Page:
My original plan for the geology unit involved time spent looking at textbooks, doing a few at home activities, movies, and maybe one or two field trips. The more I thought about it, the more I realized that geology is a science that requires work in the field. So my revised plan will be a little different. We will be going on one field trip for every week of our unit. To make my planning even easier, I found a fantastic resource to help turn my idea into reality. Pennsylvania's Department of Conservation and Natural Resources has put together a series of approximately twenty park guides, specific to geological features of Pennsylvania state parks, that can be downloaded as PDFs from their Trail of Geology website. I absolutely love it when the learning opportunities jump out at us like this! We already had the guide for the park we went to today. With seven more weeks in our unit, we will try to get to seven more parks within driving distance. One or two will be a 2 hour drive each way, but I don't mind hitting the road when the weather is good. Each week we will spend a few days at home prepping for the trip by studying the guide for our field trip location. We will also do further study on any new concepts we come across so we will know what we are looking for when we get to the park. In addition, we will cover the usual rock cycle and volcanoes that everyone HAS to cover when studying geology. It just wouldn't be geology if we didn't build a messy model of a volcano!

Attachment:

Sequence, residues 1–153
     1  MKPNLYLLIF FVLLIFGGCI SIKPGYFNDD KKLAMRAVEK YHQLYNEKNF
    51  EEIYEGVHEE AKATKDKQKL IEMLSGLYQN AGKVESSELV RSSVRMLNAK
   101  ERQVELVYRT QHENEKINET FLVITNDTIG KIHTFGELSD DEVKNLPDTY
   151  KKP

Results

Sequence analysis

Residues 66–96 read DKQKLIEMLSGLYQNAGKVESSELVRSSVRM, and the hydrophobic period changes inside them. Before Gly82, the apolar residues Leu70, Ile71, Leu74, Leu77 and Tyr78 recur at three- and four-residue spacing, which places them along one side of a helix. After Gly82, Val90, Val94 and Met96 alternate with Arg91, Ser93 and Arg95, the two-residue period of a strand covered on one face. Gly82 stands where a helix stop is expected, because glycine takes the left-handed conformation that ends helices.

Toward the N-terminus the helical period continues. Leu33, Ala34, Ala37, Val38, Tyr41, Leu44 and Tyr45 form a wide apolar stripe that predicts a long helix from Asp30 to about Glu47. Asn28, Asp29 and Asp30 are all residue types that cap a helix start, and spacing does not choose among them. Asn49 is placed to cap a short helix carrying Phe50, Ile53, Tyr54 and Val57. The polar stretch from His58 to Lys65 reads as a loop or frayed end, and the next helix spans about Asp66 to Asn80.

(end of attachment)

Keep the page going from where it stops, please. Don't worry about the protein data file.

I know this unit will probably require more energy from me than the previous three combined. But I am certain my boys will be much more likely to remember days spent hiking in the woods, seeing the things they are learning about first hand, than they would if they read it in a science textbook. Taking the learning out of the books and into real life works for me every time.

Thursday, March 1, 2012

Self Confidence

We are a family of nerds. My husband and EM tend to lean a little more towards the geek side most of the time, but I would say JT and I are pretty firmly placed in the nerd camp. If you are unsure where you fall on the nerd/geek/dweeb spectrum, here's a handy Venn diagram to help you out. The bottom line is...nerds and sports typically don't mix.

When we first began schooling at home using a cyber-charter school, I decided we should find a way to incorporate organized physical activity into the lives of the boys. They have both always been very active in general; few moments go by when one or both of them aren't pacing, bouncing, tapping or doing acrobatic moves on furniture. They both play outside whenever the weather is cooperating. Neither is overweight and neither could be classified as lazy. But fearing the dreaded accusation of lack of socialization too often thrown at homeschoolers, I thought signing up for a sport might be a good idea.